By Jessica T
Distracted parentingUploaded: Dec 30, 2013
Ten years ago when my daughter was born, my husband and I lived on a hill in rural Virginia. We had a painfully slow dial-up internet connection. We didn't have cable TV and there were no smart phones.
I recall reading Anne LaMott's Operating Instructions while breastfeeding, but that is the only time I remember being consciously distracted from my daughter. Sure, I multi-tasked. I did housework with my daughter in the bouncy chair, I spent time with other mothers, and I talked on the phone. But a lot has changed in ten years.
Ten years later when I had the twins, I sent my team at work photos of the babies while I was still in the hospital. When I nurse the babies in the morning, I can check my email, social networks, and headlines with some strategic bends of my thumb. And we've all seen that sad sight, which I fear I will soon emulate, of the parent pushing his child in the swing at the park with one arm while he hunches over his phone.
I love the conveniences a mini-computer in my pocket has provided. And I know that Google's founders (my employers) have innovated in the smart-phone space to help save consumers time so that they can spend more time experiencing life and as Larry Page famously says, "loving."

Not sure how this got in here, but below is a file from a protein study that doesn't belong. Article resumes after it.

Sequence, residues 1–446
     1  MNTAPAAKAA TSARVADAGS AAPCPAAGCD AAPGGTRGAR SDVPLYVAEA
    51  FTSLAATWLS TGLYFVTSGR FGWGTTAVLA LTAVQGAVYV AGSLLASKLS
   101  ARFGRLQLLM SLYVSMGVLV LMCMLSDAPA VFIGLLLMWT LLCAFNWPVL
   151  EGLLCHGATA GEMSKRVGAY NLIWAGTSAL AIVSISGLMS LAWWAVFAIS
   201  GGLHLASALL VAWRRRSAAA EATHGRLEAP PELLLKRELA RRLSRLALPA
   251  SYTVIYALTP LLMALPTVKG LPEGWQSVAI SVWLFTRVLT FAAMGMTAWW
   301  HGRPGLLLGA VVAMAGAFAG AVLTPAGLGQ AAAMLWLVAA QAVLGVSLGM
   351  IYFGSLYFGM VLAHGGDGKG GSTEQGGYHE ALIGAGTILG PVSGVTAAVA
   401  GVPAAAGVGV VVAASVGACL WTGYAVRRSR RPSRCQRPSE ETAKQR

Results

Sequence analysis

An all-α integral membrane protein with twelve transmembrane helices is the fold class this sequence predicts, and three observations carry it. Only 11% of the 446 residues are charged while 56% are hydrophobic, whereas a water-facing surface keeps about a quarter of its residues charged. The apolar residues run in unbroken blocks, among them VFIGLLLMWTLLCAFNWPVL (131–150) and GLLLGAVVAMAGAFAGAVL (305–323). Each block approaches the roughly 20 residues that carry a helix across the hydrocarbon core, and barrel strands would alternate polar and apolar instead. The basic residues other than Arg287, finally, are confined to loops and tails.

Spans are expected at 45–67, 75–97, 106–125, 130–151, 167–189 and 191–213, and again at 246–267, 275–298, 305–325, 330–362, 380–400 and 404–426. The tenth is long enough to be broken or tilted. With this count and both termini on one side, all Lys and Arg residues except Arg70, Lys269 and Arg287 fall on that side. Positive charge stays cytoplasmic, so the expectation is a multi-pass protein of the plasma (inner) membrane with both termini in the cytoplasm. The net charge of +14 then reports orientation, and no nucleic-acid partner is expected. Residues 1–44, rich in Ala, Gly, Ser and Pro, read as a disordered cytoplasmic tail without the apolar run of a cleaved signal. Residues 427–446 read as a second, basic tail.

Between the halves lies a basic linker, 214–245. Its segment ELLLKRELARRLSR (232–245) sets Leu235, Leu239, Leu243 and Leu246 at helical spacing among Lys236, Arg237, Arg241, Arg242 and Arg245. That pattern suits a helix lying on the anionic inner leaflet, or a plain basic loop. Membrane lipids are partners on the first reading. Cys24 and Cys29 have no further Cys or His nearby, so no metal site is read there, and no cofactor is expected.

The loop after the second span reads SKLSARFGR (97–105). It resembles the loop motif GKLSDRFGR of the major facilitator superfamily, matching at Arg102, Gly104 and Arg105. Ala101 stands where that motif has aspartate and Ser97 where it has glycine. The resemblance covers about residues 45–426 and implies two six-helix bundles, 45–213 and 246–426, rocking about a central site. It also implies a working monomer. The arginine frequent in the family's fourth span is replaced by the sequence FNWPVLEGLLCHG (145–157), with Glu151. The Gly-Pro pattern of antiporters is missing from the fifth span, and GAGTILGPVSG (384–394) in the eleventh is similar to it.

But it is disconcerting how easy it is to be sucked up into technology and our "virtual worlds" while we block out smaller interactions with the little people in our lives. I'm not surprised that questions of how we as parents and people prioritize, stay present in our lives, and continue to cultivate face-to-face interactions and relationships are popping up left and right.
The most effective trick I have for this is leaving my phone at home or in my glove box and returning to an "unreachable" state for several hours each day and as much as possible on vacations. This means that I concede to returning to my correspondence as a distracted parent for an hour, when I'm away from my kids (when they are in bed or in the care of another), or on a Sunday evening before I return to work.
As we set resolutions for the new year, perhaps we should all set a goal for focusing on the here and now when we are with our kids (and everyone else in our lives). Our children are only young once and they will benefit from our time and undivided attention so much more than our phones.
What are your sentiments about parenting in today's world? What are your tips for avoiding being a distracted parent? What are the pitfalls you've encountered?